Avoid configuring MemoryReserve
Although Dynamic Memory can help you consolidate more virtualized workloads on a host, it’s important that the host itself have enough memory. If the host has insufficient memory, the management operating system might hang or crash, resulting in all virtual machines being stopped unexpectedly, with a possible loss of data occurring.
To prevent this from happening, Hyper-V automatically reserves some of the host’s physical memory for the management operating system. With Hyper-V in Windows Server 2008 R2 SP1, you could also manually specify how much memory should be reserved for the host by using Registry Editor to create a REG_DWORD registry value named MemoryReserve in the following location:
MemoryReserve could then be used to specify the amount of physical memory in MB that should be reserved for the parent partition, with 2 GB (2048 MB) being the recommended value. The host then had to be rebooted for the change to take effect.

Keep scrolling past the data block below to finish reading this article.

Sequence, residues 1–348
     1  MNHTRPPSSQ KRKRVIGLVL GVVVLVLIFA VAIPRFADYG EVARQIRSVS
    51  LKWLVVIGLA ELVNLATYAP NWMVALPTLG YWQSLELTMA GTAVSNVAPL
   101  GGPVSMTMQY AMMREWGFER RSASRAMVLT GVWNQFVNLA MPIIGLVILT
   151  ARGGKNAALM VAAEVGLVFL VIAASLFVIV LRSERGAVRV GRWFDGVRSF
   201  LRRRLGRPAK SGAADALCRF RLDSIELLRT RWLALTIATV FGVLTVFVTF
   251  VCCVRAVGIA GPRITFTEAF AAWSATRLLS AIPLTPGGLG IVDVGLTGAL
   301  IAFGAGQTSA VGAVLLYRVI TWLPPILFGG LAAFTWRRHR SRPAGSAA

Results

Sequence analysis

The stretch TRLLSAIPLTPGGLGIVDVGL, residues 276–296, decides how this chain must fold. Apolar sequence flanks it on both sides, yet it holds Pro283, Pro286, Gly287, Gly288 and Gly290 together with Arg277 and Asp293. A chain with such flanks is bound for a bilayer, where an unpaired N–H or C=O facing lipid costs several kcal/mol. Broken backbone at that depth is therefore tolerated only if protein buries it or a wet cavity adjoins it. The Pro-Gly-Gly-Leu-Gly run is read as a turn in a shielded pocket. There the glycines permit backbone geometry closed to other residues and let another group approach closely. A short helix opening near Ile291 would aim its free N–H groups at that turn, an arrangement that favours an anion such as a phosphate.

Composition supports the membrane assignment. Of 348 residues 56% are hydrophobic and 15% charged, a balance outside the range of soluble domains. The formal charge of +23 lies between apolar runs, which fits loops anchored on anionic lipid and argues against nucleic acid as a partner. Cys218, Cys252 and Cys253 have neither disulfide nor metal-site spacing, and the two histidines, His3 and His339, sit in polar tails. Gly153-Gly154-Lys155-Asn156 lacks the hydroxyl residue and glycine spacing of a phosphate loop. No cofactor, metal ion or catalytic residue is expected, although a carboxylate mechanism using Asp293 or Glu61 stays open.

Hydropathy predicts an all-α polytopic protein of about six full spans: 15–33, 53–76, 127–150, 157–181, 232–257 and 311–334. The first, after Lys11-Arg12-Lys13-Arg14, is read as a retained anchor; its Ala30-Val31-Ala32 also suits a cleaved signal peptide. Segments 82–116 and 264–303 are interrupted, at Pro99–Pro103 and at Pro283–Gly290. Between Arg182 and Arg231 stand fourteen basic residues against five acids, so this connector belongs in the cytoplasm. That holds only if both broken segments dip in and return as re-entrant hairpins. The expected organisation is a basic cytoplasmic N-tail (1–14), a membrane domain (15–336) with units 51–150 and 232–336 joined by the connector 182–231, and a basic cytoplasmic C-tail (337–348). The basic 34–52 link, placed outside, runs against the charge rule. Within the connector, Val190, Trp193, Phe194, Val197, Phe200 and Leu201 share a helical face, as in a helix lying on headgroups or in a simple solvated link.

With Hyper-V in Windows Server 2012, however, the management operating system on the host now reserves more memory than in previous versions of Hyper-V to ensure greater reliability and responsiveness. In addition, manually configuring the MemoryReserve registry value as I just described can have undesirable results in some circumstances. For example, it might happen that a combination of management activity, background processes, scheduled tasks, and other activity on the host cause memory usage by the management operating system to temporarily rise above the value you manually configured using the MemoryReserve registry value. Should this occur, the management operating system might hang or crash, resulting in service interruption and possible data loss. As a result, Microsoft no longer recommends manually configuring the MemoryReserve registry value. Instead, you should allow Hyper-V itself to ensure enough memory is always reserved for the host.
The above tip was excerpted from Mitch Tulloch's book Training Guide: Installing and Configuring Windows Server 2012 from Microsoft Press.
Mitch is a nine-time recipient of the Microsoft Most Valuable Professional (MVP) award and a widely recognized expert on Windows administration, deployment and virtualization. For more information see http://www.mtit.com.